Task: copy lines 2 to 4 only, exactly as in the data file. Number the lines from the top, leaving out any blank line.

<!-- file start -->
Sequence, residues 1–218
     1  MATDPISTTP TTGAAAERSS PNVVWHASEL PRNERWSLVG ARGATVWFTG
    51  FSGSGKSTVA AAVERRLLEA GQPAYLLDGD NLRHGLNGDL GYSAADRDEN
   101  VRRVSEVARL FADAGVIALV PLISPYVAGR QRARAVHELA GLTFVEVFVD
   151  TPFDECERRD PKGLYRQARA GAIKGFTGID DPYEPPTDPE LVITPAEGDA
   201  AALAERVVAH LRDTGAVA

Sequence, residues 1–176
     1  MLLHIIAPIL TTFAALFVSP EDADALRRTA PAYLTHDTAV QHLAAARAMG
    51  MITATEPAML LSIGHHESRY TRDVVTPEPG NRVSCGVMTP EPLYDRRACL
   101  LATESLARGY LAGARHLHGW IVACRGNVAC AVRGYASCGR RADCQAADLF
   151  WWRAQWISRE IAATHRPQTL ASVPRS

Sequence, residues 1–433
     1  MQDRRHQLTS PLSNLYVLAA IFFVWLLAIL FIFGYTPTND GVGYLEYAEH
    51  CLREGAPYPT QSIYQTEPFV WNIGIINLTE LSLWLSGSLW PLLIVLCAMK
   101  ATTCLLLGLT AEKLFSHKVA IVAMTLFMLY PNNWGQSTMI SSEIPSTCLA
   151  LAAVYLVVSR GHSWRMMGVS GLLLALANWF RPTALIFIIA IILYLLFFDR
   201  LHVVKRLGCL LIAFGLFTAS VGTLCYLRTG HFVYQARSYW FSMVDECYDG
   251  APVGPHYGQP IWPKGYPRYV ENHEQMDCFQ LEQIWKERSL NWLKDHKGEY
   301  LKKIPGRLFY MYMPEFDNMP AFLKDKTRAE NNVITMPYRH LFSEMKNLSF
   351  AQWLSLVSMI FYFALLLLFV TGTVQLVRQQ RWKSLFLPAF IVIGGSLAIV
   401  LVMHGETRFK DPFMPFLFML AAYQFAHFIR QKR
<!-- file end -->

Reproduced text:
     1  MATDPISTTP TTGAAAERSS PNVVWHASEL PRNERWSLVG ARGATVWFTG
    51  FSGSGKSTVA AAVERRLLEA GQPAYLLDGD NLRHGLNGDL GYSAADRDEN
   101  VRRVSEVARL FADAGVIALV PLISPYVAGR QRARAVHELA GLTFVEVFVD